Economic evaluation of potential fiscal strategies to improve Indigenous nutrition and health in remote communities of Australia. (#89)
The health status of Indigenous Australians is much lower than that of the non-Indigenous population, especially in life expectancy, diabetes and heart disease rates. Governments and numerous other stakeholders are committed to finding acceptable and sustainable ways to reduce these inequalities. There is growing evidence that taxes and discounts on food and beverages have the potential to positively influence consumption patterns, and thus improve population health outcomes.
To evaluate the impact on diet and lifetime health outcomes for remote Indigenous Australians and determine the cost-effectiveness of fiscal measures in community food stores.
Six price discount strategies (of 20%) on fruits, vegetables and reduced-calorie beverages and a 20% tax on sweetened beverages were modelled. Baseline population diet was determined from a 12 months sample of complete food supply data gathered in three remote Indigenous communities. Weight of the daily diet was assumed constant following the introduction of discounts. Published price elasticity data was applied to the Indigenous population.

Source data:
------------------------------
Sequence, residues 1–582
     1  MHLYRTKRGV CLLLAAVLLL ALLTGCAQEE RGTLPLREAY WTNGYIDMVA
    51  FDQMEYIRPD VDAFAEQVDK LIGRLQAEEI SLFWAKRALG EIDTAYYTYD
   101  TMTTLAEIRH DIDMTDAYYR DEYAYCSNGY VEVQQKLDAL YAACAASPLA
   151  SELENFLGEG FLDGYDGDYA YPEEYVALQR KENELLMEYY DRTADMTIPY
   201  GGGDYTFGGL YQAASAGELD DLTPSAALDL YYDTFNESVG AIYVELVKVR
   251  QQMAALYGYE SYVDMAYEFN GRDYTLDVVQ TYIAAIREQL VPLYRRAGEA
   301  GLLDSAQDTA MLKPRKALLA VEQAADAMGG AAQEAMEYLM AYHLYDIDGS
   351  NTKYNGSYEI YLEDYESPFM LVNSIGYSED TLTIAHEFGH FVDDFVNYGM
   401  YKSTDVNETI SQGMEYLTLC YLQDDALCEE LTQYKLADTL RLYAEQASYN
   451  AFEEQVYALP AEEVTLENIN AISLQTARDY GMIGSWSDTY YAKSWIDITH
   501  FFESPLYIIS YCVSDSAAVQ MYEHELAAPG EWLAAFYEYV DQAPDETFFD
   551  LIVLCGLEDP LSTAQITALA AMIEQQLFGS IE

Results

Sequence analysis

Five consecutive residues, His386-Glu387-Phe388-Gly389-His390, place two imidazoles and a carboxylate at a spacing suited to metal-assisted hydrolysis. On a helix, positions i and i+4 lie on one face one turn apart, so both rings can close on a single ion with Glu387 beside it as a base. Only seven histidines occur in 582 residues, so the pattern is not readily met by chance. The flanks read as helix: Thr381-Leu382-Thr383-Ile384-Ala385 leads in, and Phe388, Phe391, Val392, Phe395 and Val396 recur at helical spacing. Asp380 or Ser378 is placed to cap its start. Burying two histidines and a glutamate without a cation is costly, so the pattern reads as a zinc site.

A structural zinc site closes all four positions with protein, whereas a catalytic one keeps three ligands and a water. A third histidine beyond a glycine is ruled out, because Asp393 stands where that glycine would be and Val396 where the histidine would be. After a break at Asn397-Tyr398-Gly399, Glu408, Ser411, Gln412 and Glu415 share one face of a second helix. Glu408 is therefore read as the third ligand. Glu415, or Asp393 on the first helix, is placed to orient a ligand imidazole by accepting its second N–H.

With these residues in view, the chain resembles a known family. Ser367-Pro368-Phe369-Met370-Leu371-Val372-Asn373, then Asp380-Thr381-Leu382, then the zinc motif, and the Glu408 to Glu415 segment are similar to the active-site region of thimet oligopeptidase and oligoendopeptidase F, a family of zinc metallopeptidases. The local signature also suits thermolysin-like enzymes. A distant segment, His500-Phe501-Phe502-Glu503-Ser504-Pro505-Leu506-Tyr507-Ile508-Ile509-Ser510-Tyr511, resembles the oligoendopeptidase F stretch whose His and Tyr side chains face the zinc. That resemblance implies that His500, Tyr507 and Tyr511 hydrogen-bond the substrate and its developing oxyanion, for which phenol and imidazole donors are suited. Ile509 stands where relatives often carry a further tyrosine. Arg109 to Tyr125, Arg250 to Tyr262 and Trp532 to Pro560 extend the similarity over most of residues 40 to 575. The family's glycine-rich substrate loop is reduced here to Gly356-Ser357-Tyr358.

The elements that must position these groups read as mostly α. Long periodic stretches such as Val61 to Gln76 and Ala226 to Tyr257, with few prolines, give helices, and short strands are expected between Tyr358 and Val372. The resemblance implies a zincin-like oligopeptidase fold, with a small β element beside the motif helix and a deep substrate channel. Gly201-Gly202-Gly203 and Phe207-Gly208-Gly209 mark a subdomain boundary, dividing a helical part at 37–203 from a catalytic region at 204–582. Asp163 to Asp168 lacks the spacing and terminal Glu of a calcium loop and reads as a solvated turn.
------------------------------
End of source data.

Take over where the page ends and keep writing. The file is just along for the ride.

Dietary change was converted to change in energy, salt intake, and Body Mass Index (BMI) over a 12 month period. Improved lifetime health outcomes, modelled for the entire remote Indigenous Australian population, were converted to disability adjusted life years (DALYs) using a proportional multistate lifetable model populated with diet-related disease risks and Indigenous rates of disease.
BMI changes were small; the changes in salt intake were larger. The incremental cost per DALY ranged from dominant (the tax strategy), very cost-effective ($AU21,000 [dominated to $480,000] the discount on water and diet beverages) to cost-ineffective ($AU69,000 [$50,000 to $91,000] the discount on vegetables), applying a $AU50,000 /DALY threshold.
Selective price discounts and taxes offer to improve Indigenous health. Verification by trial-based research is needed.